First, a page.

As a COO or director of operations, your time is limited. Preparation is invaluable. Have a clear plan of what you need to get out of each discussion before going in. Prep your presentations and workshops with as much detail as is practical. The more work you put into clearly understanding what you need out of each meeting or event, the more likely you will get it. And the more efficient you are with each meeting, the more people will know you appreciate their time and, in turn, will appreciate you.
5. Develop a data-driven mindset.
For COOs, a data-driven mindset is essential for tackling day-to-day and strategic decision-making. Successful COOs rely on data and metrics as critical inputs when determining recommendations and decisions. But being data-driven doesn’t mean using any and all data. You need to know which data matters, why, and for what purposes, while being mindful of any data limitations. A data-driven mindset requires open thinking, not rigid thinking — data can yield unexpected possibilities and opportunities but can also leave questions unanswered.
6. Keep it simple.
Don’t overcomplicate things. You may be tempted to demonstrate your intelligence by using fancy words or phrasing things in a complex manner. Instead, make it a point to create simplicity and clarity with straightforward questions, clear reports, simple explanations, easy-to-follow presentations, and uncomplicated plans. The more you can distill complex concepts into something easy to understand, the better. While your work is complex, present it so that anyone can follow along — which will make work more efficient. Simplicity breeds speed, scalability, and success.
7. Build your team.
Like any leadership role, as COO, you’re only as good as your team. But as the future of work evolves, how you build, grow and adapt that team is changing. A 2020 HBS and BCG study surveying business executives found that 90% expect that talent platforms will be critical for their competitive advantage. As COO, you need to draw on the right skills and expertise at the right time — on-demand freelancers and consultants can add and supplement the skills and expertise of your team to accelerate strategic initiatives and ensure success.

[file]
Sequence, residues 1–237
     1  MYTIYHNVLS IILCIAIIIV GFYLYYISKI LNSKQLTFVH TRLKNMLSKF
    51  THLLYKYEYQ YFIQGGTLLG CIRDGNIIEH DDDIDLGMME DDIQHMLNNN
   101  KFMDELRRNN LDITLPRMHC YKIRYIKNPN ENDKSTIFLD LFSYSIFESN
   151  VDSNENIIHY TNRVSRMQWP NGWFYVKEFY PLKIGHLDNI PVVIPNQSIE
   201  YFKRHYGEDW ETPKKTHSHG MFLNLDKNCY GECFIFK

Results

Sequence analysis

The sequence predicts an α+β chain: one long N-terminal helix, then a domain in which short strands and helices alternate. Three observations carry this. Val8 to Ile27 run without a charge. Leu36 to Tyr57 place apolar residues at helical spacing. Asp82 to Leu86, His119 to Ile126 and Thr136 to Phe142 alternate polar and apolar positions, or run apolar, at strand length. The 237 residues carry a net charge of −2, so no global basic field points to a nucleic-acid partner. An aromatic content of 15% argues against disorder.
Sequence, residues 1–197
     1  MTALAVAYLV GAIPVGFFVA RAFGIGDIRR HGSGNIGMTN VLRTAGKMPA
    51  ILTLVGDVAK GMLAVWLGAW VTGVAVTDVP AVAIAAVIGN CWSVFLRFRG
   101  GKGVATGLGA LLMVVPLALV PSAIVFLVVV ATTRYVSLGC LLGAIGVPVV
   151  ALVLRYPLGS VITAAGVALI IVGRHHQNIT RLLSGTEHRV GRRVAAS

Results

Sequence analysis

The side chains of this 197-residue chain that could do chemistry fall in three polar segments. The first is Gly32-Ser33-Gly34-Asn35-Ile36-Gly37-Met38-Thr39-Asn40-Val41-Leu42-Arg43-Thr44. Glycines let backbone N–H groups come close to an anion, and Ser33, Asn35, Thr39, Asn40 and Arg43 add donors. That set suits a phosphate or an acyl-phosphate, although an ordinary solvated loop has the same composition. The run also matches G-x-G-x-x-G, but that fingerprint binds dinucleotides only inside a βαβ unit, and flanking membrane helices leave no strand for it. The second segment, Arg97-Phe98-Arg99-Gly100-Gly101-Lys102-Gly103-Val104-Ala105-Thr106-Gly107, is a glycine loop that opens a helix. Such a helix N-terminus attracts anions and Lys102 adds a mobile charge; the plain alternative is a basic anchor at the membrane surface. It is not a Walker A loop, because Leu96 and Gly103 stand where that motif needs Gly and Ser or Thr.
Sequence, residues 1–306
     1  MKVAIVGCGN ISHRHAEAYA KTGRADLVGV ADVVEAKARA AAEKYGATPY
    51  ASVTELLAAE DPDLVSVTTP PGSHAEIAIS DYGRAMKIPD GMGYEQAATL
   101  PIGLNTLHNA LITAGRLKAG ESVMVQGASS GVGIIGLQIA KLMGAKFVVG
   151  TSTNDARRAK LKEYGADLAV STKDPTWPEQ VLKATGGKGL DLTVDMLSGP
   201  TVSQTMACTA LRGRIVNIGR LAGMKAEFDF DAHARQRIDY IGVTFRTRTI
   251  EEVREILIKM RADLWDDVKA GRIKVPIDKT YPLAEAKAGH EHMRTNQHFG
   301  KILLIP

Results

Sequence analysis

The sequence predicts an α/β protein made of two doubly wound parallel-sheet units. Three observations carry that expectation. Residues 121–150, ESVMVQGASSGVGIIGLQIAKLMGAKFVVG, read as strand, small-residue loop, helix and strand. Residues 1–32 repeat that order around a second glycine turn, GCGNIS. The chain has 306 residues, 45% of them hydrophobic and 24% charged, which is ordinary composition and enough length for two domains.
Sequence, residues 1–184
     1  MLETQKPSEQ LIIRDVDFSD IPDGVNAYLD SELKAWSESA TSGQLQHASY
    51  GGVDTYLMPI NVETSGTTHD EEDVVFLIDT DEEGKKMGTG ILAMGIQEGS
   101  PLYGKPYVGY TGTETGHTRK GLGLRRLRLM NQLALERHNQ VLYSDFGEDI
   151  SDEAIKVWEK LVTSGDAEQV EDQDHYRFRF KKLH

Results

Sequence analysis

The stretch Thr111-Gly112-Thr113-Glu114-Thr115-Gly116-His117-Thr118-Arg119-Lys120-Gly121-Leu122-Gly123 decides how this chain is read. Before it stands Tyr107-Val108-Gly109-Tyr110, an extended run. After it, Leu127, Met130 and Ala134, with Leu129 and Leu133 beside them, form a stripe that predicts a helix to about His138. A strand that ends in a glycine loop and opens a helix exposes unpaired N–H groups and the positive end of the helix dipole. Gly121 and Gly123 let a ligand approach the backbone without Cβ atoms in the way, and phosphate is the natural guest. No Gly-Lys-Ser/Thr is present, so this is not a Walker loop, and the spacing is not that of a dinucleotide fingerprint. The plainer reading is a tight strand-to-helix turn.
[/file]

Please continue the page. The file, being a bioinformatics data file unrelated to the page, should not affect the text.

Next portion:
8. Don’t forget the strategy.
There is never a lack of high-priority things to get done. It can be too easy to get down into the weeds and neglect the high-level strategy. Spend some time each week thinking about the largest obstacles to the company delivering on its goals — like needing more output from a particular team. While you might not be able to address everything immediately, make sure you’re making significant progress each quarter and over the course of a year.
Take operations leadership to the next level.
Following these eight practices can help you achieve success as COO, regardless of industry. Evaluate to what extent you’ve already adopted these practices and what you can do to continue to improve in each area. You’re no longer just the COO — you are the critical partner in helping to grow and evolve your business.
Note, this article was originally published on Forbes and appears here under license by the author (Liquid’s CXO Yolanda Lau).